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United States v. Fujii

August 20, 2002


Appeal from the United States District Court for the Northern District of Illinois, Eastern Division. No. 00 CR 17--Joan B. Gottschall, Judge.

Before Flaum, Chief Judge, and Coffey and Kanne, Circuit Judges.

The opinion of the court was delivered by: Kanne, Circuit Judge


Masao Fujii was convicted of attempting to smuggle aliens into the United States for private financial gain, in violation of 8 U.S.C. § 1324(a)(2) (B)(ii) ("Count 1"); of encouraging and inducing aliens to come to, enter, or reside in the United States, knowing that it was in violation of law, in violation of 8 U.S.C. § 1324(a)(1)(A)(iv) ("Count 2"); and finally, of knowingly using a counterfeit passport, in violation of 18 U.S.C. § 1543 ("Count 3"). The district court sentenced Fujii to 36 months of imprisonment. On appeal, Fujii challenges his conviction with respect to Counts 1 and 2, arguing that the district court erroneously admitted evidence under the business records exception to the rule against hearsay and that the evidence the government produced at trial was insufficient to support his convictions.

I. Background

On January 5, 2000, Masao Fujii and three Chinese nationals used fraudulent passports to board a Korean Airlines Flight in Saigon, Vietnam bound for Seoul, Korea. Fujii's fraudulent passport bore the name "Yasuo Tamura." Xie Mei Zheng, Yan Zhu Zheng, and Xiao Hong Li used fraudulent passports bearing the names "Naoko Yamada," "Miyuki Okamoto," and "Yuri Kimura," respectively. The next day, all four individuals checked through onto Korean Airlines Flight 37 in Seoul, Korea bound for Chicago's O'Hare International Airport.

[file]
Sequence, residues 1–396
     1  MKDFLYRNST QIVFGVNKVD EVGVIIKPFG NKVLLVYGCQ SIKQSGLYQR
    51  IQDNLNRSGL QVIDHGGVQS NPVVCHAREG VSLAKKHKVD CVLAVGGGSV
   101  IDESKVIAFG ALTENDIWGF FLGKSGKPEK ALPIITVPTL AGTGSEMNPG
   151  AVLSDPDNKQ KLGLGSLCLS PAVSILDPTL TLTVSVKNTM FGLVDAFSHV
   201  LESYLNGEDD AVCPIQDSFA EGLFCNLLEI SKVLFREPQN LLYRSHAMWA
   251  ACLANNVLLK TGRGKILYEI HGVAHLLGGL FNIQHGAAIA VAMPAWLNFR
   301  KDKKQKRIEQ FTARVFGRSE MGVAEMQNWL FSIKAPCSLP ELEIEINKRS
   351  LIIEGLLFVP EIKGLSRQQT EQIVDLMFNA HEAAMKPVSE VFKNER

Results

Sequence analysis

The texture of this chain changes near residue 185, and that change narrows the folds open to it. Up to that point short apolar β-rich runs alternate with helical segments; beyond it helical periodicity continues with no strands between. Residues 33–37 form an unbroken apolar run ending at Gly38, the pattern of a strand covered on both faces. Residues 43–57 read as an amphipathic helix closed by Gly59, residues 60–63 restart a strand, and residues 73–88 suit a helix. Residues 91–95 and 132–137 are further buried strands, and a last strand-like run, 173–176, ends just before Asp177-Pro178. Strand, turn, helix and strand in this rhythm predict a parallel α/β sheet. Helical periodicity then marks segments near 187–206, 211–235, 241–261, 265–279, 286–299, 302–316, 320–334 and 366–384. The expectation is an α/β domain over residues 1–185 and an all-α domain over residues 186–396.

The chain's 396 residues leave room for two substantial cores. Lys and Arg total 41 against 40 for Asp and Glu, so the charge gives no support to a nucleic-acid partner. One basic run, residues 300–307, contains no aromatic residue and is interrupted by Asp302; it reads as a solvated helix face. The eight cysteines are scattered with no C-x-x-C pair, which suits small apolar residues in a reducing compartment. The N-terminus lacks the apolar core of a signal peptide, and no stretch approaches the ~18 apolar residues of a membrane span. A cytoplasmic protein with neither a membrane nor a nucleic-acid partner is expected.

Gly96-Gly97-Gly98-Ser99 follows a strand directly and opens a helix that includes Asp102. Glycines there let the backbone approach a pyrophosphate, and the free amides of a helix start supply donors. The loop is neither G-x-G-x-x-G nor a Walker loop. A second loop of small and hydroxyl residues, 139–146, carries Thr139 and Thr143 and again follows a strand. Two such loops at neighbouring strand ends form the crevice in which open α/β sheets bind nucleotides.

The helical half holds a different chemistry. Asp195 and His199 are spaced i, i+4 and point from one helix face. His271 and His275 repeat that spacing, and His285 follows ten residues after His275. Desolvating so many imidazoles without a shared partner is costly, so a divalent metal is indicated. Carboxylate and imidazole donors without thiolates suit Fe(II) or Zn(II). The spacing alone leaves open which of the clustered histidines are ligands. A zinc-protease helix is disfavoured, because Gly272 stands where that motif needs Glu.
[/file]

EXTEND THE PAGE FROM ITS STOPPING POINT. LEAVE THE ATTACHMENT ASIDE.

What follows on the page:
Flight 37 arrived at O'Hare's international terminal, Terminal 5, where the United States Immigration and Naturalization Service ("INS") checks passports and other documentation. The process for checking passports and documentation at Terminal 5 proceeds as follows: First, the traveler presents documentation at a primary inspection station. If the documentation appears incorrect or for some other reason requires further inspection, the traveler is referred to an INS secondary inspection station for further questioning.

Fujii approached the INS primary inspection station alone. There, he presented INS Inspector Todd Seeger with his fraudulent Japanese passport, his INS I-94 W Nonimmigrant Visa Waiver Arrival/Departure Form, and a Customs Declaration Form. Because Seeger noticed that Fujii's passport did not contain the security features that he was accustomed to seeing on Japanese passports, Seeger referred Fujii to the INS secondary inspection station.

At the same time that Fujii was being referred to the INS secondary inspection station, Supervisory INS Inspector Peter Manno was monitoring the other individuals arriving on Flight 37. Manno watched the three Chinese Nationals enter the women's restroom. Manno stood outside the restroom and refused to let anyone else enter. After hearing six distinct toilet flushes, Manno and INS Supervisor Teresa Guerrero entered the restroom and confronted the three women. Two of the women were standing together in one of the bathroom stalls, floating in that stall's toilet were the remnants of two Japanese passports bearing the names "Okamoto" and "Yamada." The third Chinese national was in an adjacent stall and had no passport in her possession, and no remnants were seen floating in the toilet in that stall. All three of the women were then escorted to the INS secondary inspection station.